The US Department of Homeland Security is testing Blockchain technology for cameras and other devices at U.S. ports of entry, including borders and airports to better detect and stop intruders who try to impede the devices or manipulate the data they collect.
According to a report in the Washington Post by Kim S. Nash, the Blockchain project is, in part, intended to thwart spoofing, where someone tries to divert data moving over a network, or to control devices on the network, by mimicking authorized senders or receivers. The idea is to better protect data exchanged between the devices and human agents guarding borders.
Late last year, Factom and Customs and Border Protection completed a small project to prove that blockchain technology can secure data from sensor-equipped devices. Now they are further testing the security and speed of the technology for handling extensive IoT feeds, he said. Factom received a $199,000 grant from DHS in last June.
The agency could put blockchain ledgers into wider use, perhaps in international trade to verify the provenance of goods coming into the U.S. and international travel to identify high-risk flyers and speed up security checks for common travelers, Mr. McAleenan said.
Private-sector blockchain projects, including Wal-Mart Stores Inc.’s work to secure its pork and produce supply chains, could help guide the Customs and Border Protection work, he said. Wal-Mart and International Business Machines Corp. are building blockchain systems in China and the U.S. to make food supply chains more efficient and secure. Wal-Mart is a large part of international trade for the U.S. “When they’re looking at something to make their supply chain more efficient, that’s something that gets our attention,” Kevin McAleenan, deputy commissioner of Customs and Border Protection.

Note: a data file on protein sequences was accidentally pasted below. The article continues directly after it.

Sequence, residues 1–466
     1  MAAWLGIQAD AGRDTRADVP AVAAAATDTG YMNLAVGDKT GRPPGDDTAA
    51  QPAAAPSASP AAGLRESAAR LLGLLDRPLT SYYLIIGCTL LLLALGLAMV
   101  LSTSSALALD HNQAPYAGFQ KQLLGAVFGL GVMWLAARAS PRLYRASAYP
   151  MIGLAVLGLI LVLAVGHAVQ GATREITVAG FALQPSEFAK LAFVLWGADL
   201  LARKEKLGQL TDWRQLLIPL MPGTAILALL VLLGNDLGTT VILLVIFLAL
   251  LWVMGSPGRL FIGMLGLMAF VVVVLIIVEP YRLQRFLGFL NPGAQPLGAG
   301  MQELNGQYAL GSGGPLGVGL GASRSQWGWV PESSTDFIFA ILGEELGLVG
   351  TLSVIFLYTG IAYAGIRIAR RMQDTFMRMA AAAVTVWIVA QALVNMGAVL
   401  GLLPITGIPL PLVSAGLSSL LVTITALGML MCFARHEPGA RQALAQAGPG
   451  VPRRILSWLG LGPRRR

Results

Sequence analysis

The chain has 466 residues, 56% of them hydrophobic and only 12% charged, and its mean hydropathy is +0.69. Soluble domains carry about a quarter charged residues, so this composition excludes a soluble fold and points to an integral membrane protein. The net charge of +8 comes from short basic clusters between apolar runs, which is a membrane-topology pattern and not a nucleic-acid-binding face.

- Fight to Flame – Mike Tyson Denies Issuing Token and Working With Fight2Fame - August 17, 2019
- Bitcoin Wealth is Almost 50 Times More Concentrated than Global Wealth According to PARSIQ Research - August 16, 2019
- Graph Blockchain Signs LOI to Acquire Cyberanking Ltd. an Esports Company - August 16, 2019
- Blockchain Moves Into The US’s Largest Oil Fields With Data Gumbo - August 16, 2019
- BlockStar Teams Up With Cycling Apparel Brand De Marchi to Auction Fausto Coppi’s Cycling Jersey - August 16, 2019
- Zcoin Available to Five Million Merchants in Thailand - August 16, 2019
- Republic Partners with Althea to Launch First-Ever Compliant Security Airdrop for Retail Investors in the U.S. and Abroad - August 14, 2019
- Mark Cuban’s Dallas Mavericks Basketball Team Join Up With Bitpay To Accept Bitcoin For Tickets And Gear - August 14, 2019
- Mike Tyson Launches Fight to Fame – Crypto-Driven, Blockchain-Fueled Fighter Booster - August 14, 2019
- Blox Survey: Ninety-Five Percent of US CPAs Believe Clients are Not Disclosing All their Digital Assets and Transactions - August 13, 2019
- New Zealand Allows for Employee Payments to be Made in Cryptocurrency - August 13, 2019
- USA SEC Postpones Decision on Three Bitcoin ETFs - August 13, 2019
- Cryptocurrency Thefts, Scams and Fraud May Exceed $4.3 Billion For 2019 - August 12, 2019
- China’s Central Bank Gears Up to Launch it’s Own Cryptocurrency - August 12, 2019
- Overstock: Retail Traders Can Now Invest in STOs at tZERO - August 9, 2019
- Merj Rolls Out The First-ever Official Listing Of A Tokenized Security On A Regulated National Stock Exchange - August 9, 2019
- Commerzbank And Daimler Trucks Test Machine-to-machine Payments On Blockchain - August 9, 2019
- Africa’s Youth See A Future For Bitcoin Beyond Speculation - August 8, 2019
- Blockchain VR Network Set to Launch - August 8, 2019
- China’s LiveDAO To Tap 5G Tech for Live Broadcasting - August 8, 2019